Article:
Testosterone might be involved in explaining why men have a greater risk of heart attacks than women of similar age, according to a study funded by the British Heart Foundation (BHF) and the Biotechnology and Biological Sciences Research Council (BBSRC). The findings, published in the journal Scientific Reports, could lead to new therapies to help reduce heart attack risk.
Each year in the UK 188,000 people visit hospital whilst suffering from a heart attack, which is around one person every three minutes.
Scientists at the University of Edinburgh examined the effects of testosterone on blood vessel tissue from mice. They found that the hormone triggers cells from the blood vessels to produce bone-like deposits -- a process called calcification. When the mouse cells were modified, by removing the testosterone receptor, so they could no longer respond to testosterone, they produced far less of the calcium deposits.
The team also looked at blood vessel and valve tissue from people with heart disease who had undergone surgery for their condition. They found that cells from these tissues contained bone-like deposits and also carried the testosterone receptor on their surface. This suggests that testosterone may trigger calcification in people.
Calcification causes blood vessels to harden and thicken, which means the heart has to work harder to pump blood around the body. It is strongly linked to increased risk of heart attack and stroke. Calcification can also affect the heart's valves, meaning that the valves cannot open and shut properly and may need to be replaced.
Little is known about what triggers calcification and there are currently no treatments. The research team now hope to drill down into the exact mechanism behind this process.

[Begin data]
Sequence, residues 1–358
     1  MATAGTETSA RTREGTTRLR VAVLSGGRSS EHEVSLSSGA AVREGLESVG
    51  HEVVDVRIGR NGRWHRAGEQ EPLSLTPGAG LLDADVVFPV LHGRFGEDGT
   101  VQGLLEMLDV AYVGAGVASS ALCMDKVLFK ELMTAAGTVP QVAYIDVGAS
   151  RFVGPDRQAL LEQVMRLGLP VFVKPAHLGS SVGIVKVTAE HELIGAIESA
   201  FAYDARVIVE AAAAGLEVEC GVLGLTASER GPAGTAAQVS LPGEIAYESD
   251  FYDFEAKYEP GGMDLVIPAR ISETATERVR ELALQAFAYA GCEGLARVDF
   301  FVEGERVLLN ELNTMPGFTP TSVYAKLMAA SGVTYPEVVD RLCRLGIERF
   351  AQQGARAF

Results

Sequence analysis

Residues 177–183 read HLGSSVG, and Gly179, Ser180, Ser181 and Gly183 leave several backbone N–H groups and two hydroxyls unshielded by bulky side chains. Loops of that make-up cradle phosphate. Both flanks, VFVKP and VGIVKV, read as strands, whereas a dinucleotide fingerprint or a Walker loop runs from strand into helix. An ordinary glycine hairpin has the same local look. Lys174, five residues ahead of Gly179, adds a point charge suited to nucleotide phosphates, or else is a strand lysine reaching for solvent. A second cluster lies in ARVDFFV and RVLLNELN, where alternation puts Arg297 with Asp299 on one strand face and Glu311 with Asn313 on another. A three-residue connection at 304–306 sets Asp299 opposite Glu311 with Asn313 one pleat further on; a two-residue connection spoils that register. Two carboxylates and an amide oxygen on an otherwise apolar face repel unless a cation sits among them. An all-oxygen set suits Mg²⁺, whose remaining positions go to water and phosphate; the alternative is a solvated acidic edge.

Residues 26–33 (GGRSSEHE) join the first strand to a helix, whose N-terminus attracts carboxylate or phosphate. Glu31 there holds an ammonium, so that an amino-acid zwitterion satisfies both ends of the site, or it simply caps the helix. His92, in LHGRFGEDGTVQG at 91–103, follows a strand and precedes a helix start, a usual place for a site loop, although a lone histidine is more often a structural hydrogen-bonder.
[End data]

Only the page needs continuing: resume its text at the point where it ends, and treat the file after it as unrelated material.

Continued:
Although naturally occurring, testosterone is also used to counteract low levels of natural testosterone production in a treatment known as androgen replacement therapy. Synthetic substances similar to testosterone are also sometimes misused by athletes in order to enhance athletic performance.
Dr Vicky MacRae, of the University of Edinburgh's Roslin Institute, said: "Calcification is particularly difficult to treat, as the biological processes behind the disease are similar to those used by our body to make and repair bone. By finding this link between testosterone and calcification we may have discovered a new way of treating this disease and also reducing heart disease."
Professor Jeremy Pearson, Associate Medical Director at the British Heart Foundation, which helped fund the research, said: "The role of male sex hormones in the control of vascular calcification is poorly understood. This study, in cells taken from mice and human tissue, provides new evidence that testosterone can increase calcification. But significantly more research is needed to understand whether the results have implications for patients with heart disease or those taking androgen replacement therapy."
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